02-09-2014 08:57 PM
The Winter Games officially kicked off Friday, Feb. 7, and the eyes of the world will be watching Sochi, Russia. While we’ll all be rooting for America's athletes, a special group of them also will be getting cheers from USAA members and members of the military alike.
Based at Fort Carson, near Colorado Springs, Colo., the Army’s World Class Athlete Program has proved itself a success. In 17 years, the program has helped 55 soldier-athletes earn medals at the Summer or Winter Olympic Games, and it’s sending 10 to compete this year in Sochi.
The training that soldiers receive in WCAP comes from some of America’s best coaches and trainers. While they’re training, the soldiers also are advancing their military careers and helping promote the Army on the world stage. Learn more about WCAP.
Soldiers, athletes, members
Several WCAP athletes are also USAA members, and they share the same values that help make USAA what it is.
Christopher Fogt, from the USA-1 bobsled team, has quite the story of dedication and service. Sochi will be Fogt’s second trip to the Winter Games, after competing in the four-man bobsled event in 2010.
“I think the first time, I was just happy to be there. I was an Olympian,” Fogt said. “This time around, I made USA-1. We’ve won nine of 16 races this season, so the expectations this time around are much bigger. I want to come home with a medal.”
After the 2010 games, Fogt, who’s been a USAA member since 2006, spent a year deployed to Iraq. “Being in Iraq was mentally tough,” he said. “There are a lot of really long days. You go through things that are hard, to be blunt.
“When I returned to the States on July 4, 2011, I had lost some weight and strength,” he added. “But deployment had helped me become mentally strong. I learned that my body will do what my mind tells it to do. I’ve trained a lot harder and have gained a lot of power, strength and speed, just because I’ve been mentally stronger.”
Service runs in the Fogt family. “My dad was a reservist for 30 years, but I actually think I started a trend in my family,” he said. “I have a brother at Fort Hood and another in ROTC right now. My brother-in-law’s also joined the reserves.
“I feel a lot of strength from the support I’m getting from the military. I’ve received emails from friends stationed in places like South Korea, Afghanistan, Germany, Fort Hood and Fort Drum,” Fogt said. “That’s a huge part of my strength — the camaraderie that comes with the military.”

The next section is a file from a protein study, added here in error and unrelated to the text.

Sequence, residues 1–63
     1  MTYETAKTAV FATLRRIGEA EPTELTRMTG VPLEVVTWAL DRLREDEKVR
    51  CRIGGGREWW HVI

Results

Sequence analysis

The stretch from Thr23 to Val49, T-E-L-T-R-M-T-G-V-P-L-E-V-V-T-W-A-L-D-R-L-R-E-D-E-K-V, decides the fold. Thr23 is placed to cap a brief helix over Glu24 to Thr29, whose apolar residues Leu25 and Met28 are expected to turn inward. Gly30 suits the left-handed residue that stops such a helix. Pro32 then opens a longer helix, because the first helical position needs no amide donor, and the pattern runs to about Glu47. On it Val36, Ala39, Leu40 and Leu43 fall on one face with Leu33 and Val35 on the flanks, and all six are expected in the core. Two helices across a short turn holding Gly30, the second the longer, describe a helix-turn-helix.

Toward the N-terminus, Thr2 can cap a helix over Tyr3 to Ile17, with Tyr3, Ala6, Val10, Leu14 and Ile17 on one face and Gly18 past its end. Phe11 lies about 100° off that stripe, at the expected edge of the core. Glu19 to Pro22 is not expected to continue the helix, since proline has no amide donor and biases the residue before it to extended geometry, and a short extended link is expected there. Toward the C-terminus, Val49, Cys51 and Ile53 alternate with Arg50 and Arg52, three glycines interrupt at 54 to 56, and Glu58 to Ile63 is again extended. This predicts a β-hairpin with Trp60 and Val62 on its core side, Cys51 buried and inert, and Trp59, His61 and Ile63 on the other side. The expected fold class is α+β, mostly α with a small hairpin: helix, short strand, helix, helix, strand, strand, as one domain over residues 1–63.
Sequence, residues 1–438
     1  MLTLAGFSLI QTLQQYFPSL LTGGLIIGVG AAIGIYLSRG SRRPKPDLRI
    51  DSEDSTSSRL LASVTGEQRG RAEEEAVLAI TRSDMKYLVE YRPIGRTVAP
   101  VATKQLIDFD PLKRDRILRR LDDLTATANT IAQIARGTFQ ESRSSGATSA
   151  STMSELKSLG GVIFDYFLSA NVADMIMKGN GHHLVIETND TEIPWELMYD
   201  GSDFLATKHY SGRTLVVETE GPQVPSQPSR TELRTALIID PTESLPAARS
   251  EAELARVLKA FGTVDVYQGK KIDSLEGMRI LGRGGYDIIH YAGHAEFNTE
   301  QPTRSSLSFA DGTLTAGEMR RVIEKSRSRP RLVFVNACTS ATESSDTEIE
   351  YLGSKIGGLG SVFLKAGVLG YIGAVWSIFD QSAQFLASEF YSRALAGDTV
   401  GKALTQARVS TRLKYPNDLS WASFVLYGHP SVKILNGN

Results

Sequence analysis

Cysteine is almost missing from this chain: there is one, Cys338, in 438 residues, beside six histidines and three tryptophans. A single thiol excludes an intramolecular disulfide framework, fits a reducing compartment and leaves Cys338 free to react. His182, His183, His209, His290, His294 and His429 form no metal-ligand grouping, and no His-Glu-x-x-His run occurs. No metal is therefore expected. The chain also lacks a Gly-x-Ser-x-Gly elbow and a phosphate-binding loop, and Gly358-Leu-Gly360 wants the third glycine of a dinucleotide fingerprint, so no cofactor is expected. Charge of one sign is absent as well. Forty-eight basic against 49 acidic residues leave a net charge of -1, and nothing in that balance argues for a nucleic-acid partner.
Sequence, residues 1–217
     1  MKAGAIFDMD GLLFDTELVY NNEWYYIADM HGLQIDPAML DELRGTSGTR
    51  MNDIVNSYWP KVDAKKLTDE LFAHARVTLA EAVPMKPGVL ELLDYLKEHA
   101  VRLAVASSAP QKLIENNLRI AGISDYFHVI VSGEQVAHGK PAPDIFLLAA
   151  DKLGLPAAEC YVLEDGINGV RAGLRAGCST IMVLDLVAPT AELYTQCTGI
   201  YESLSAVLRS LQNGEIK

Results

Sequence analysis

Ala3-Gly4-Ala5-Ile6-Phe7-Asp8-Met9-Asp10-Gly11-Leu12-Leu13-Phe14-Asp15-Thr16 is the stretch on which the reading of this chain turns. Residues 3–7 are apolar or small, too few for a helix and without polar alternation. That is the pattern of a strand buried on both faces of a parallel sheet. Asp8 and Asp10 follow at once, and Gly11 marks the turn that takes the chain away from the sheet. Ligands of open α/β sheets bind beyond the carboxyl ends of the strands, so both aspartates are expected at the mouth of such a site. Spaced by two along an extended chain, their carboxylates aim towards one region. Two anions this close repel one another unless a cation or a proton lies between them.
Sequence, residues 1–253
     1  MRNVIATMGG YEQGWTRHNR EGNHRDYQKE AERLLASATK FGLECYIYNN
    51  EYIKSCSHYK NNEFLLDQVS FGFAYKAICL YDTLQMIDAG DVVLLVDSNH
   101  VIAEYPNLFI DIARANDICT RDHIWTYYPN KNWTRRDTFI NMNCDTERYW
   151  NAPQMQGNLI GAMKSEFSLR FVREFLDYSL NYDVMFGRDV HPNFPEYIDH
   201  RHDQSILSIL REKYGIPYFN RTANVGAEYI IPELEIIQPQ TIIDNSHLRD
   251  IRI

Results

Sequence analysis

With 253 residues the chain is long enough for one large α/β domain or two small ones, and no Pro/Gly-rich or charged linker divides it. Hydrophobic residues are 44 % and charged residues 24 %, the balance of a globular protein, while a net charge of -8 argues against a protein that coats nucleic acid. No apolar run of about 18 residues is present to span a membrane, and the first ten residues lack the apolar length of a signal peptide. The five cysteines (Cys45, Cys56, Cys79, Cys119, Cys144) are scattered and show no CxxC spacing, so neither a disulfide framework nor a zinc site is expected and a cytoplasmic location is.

While Fogt certainly has high expectations for himself this year, he added: “I’m not just representing the USA. That’s what we’re all here to do. I’m hoping to represent all the soldiers and civilians out there who sacrifice so much for this nation.”
Leaders on and off the hill
Bill Tavares, the American team's luge coach, has coached athletes to more than 100 World Cup or World Championship medals. Sochi will mark his sixth trip to the Winter Games, including a 1992 trip to Albertville, France, as a competitor on the luge team. Tavares joined the military in 1982 and has been a USAA member since 1988.
As a coach, Tavares has seen many opportunities to shine on the world stage. “It’s been great to help get soldiers on the podium,” he said. “The 2002 women’s bobsled team won gold in Salt Lake City. In 2006, the two-woman event won a silver in Torino, Italy. In 2010, our four-man team won the gold in Vancouver. We also won a bronze that year with the women’s team.”
The nerves are a bit stronger as a coach than Tavares remembers from his days racing down the hill. “As an athlete, you have a lot of control over the outcome. It’s largely up to you,” he said. “But as a coach? You don’t have that same level of control. Once the team gets up on the hill, it’s all out of your hands.”
Nerves aside, Tavares has a lot to look forward to this year. He expects to see several of his World Cup medalists on on the American team at the Winter Games receive medals in Sochi. He’s also coaching two soldiers who could finish in the top 10.
But Tavares understands that there’s more to life than Olympic glory. “It’s not about us,” he said. “It’s not about what we accomplish as individuals, but what we can accomplish as a country.
“We want to make sure that everyone understands that we love what we do for this country. We’re serving in the military and as athletes and coaches on Team USA,” Tavares said. “Whether sliding down the hill or serving on a base, what a rewarding thing it is to be supporting the red, white and blue. That’s what it’s all about.”
Images courtesy flickr.com/usolympicteam.
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